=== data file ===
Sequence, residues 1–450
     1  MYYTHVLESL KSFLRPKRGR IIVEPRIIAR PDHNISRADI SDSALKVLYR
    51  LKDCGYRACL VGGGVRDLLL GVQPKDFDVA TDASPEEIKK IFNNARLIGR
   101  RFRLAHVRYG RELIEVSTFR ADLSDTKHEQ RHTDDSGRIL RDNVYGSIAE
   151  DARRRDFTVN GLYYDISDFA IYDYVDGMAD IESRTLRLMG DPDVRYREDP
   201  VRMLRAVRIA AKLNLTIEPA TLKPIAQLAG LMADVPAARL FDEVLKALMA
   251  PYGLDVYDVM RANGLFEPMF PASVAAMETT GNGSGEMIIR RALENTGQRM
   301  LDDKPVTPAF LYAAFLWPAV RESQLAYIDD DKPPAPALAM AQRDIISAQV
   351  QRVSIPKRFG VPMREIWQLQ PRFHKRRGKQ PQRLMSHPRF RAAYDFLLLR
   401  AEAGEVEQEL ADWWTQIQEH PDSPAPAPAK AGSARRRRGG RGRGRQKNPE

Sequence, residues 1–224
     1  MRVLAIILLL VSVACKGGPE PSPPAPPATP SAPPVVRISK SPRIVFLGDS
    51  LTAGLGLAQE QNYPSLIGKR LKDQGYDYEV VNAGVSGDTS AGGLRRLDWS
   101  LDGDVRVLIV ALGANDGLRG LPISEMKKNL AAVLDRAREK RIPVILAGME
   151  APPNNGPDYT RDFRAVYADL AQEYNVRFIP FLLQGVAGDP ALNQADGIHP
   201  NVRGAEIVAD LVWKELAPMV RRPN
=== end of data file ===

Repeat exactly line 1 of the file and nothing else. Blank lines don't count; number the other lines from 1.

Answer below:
Sequence, residues 1–450